Along with Francis Crick, James Watson was the discoverer of the double helix structure of the DNA molecule, realising both how it was able to reproduce itself and how, through its immense variety, it was able to pass on genetic instructions from one generation to the next. Their discovery paved the way for fifty years of explosive scientific achievement of extraordinary importance, both in strictly scientific terms and in its technological and social significance.
From Dolly the sheep ..
Why do we care what others think?
What keeps us bound together?
How does the brain shape our behaviour?
Bruce Hood is an award-winning psychologist who has researched and taught at Cambridge and Harvard Universities and is currently Director of the Cognitive Development Centre at the University of Bristol. He delivered the Royal Institution's Christmas Lectures in 2011 and is the author of The Self Illusion and Supersense, described by New Scientist as 'important, crystal clear and utterl..
Economics in Minutes condenses key economics concepts into 200 short and easily digested essays. Featuring not only fundamental ideas, such as the role of money and how the stock market works, but also subjects that are increasingly important to us today - unemployment, government debt and corporate tax avoidance, for example - it is the ideal introduction to a complex contemporary field. Key topics are succinctly described and accompanied by illustrations, making them simple to read and easy to..
'Quantum mechanics is perhaps the most successful theory ever formulated. The only problem with it, argues Lee Smolin, is that it is wrong ... a fount of provocative ideas ... lucid, upbeat and, finally, optimistic' Graham Farmelo, NatureHuman beings, says Lee Smolin, author of The Trouble With Physics, have always had a problem with the boundary between reality and fantasy, confusing our representations of the world with the world itself. Nowhere is this more evident than in quantum physics, wh..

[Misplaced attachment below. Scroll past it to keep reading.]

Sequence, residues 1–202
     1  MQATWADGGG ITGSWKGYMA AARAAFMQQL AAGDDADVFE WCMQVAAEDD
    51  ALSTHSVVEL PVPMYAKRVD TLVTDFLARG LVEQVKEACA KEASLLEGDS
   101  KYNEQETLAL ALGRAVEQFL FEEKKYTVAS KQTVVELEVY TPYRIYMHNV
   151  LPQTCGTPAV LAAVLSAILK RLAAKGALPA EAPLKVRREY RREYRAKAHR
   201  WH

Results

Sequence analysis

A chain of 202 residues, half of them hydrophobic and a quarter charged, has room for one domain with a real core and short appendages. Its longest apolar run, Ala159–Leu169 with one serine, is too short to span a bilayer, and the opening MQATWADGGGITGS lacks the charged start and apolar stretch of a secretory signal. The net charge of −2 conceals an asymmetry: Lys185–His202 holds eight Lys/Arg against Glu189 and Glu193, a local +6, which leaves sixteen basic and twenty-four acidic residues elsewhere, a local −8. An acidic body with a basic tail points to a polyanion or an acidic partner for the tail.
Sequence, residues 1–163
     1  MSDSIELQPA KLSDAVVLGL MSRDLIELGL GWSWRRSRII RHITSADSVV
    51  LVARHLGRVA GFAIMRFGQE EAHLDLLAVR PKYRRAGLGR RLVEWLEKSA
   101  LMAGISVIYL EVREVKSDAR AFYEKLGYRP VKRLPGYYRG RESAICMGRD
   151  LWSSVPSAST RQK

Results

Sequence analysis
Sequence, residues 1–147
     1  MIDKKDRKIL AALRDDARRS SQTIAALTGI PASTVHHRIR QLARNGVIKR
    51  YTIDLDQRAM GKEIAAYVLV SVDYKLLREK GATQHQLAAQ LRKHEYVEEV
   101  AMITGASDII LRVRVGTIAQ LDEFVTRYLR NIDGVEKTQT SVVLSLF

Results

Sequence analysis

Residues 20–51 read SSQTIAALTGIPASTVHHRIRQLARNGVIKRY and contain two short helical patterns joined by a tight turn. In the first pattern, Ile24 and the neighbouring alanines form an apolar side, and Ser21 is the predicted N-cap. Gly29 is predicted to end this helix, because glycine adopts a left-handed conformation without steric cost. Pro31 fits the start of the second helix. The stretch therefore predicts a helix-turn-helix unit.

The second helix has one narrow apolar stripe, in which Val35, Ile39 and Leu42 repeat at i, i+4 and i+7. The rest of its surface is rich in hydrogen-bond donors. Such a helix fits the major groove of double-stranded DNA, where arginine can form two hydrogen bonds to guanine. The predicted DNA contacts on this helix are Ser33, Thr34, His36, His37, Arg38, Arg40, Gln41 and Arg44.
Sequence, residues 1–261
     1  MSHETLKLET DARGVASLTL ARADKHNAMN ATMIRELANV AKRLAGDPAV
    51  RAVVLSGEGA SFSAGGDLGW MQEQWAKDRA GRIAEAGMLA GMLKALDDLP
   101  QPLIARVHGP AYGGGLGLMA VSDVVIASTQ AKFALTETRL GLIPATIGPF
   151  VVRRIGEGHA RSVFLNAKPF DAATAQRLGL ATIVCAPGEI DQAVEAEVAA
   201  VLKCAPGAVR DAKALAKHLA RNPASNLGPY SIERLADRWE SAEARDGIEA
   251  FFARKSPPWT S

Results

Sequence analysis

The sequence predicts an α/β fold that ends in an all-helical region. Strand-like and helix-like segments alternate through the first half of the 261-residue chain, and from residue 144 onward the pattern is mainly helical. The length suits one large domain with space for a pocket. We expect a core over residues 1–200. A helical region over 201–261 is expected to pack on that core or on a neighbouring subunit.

The most important revolution in modern biology - and what it means for humanity.
The cutting-edge of biology, however, is telling us that we still don't even know all of the questions. How is it that, despite each cell in your body carrying exactly the same DNA, you don't have teeth growing out of your eyeballs or toenails on your liver? How is it that identical twins share exactly the same DNA and yet can exhibit dramatic differences in the way that they live and grow? It turns out that cells..
THE NEW YORK TIMES BESTSELLER
AN ECONOMIST BOOK OF THE YEAR 2017
Insightful, surprising and with ground-breaking revelations about our society, Everybody Lies exposes the secrets embedded in our internet searches, with a foreword by bestselling author Steven Pinker
Everybody lies, to friends, lovers, doctors, pollsters – and to themselves. In Internet searches, however, people confess their secrets – about sexless marriages, mental health problems, even racis..
How did life begin? What is the theory of evolution and is it proven? Are we really descended from apes? And has evolution stalled or is humanity just a step on the way to more advanced forms of life?
Through 200 mini-essays, expert palaeontologist Darren Naish answers these and many other fundamental questions on the most controversial topic of all. From the theories of Charles Darwin and the Survival of the Fittest to cutting-edge research on consciousness and artificial life, he explains w..
‘If there is one dominant myth about the world, one huge mistake we all make … it is that we all go around assuming the world is much more of a planned place than it is.’
From the industrial revolution and the rise of China, to urbanisation and the birth of bitcoin, Matt Ridley demolishes conventional assumptions that the great events and trends of our day are dictated by those on high. On the contrary, our most important achievements develop from the ground up. In this wide-ranging and erudite..
'Daring, learned and humane ... A revelatory restoration of wonder' Stephen Greenblatt.We no longer think, like the ancient Chinese did, that the world was hatched from an egg, or, like the Maori, that it came from the tearing-apart of a love embrace. The Greeks told of a tempestuous Hera and a cunning Zeus, but we now use genes and natural selection to explain fear and desire, and physics to demystify the workings of the universe.Science is an astounding achievement, but are we really any wiser..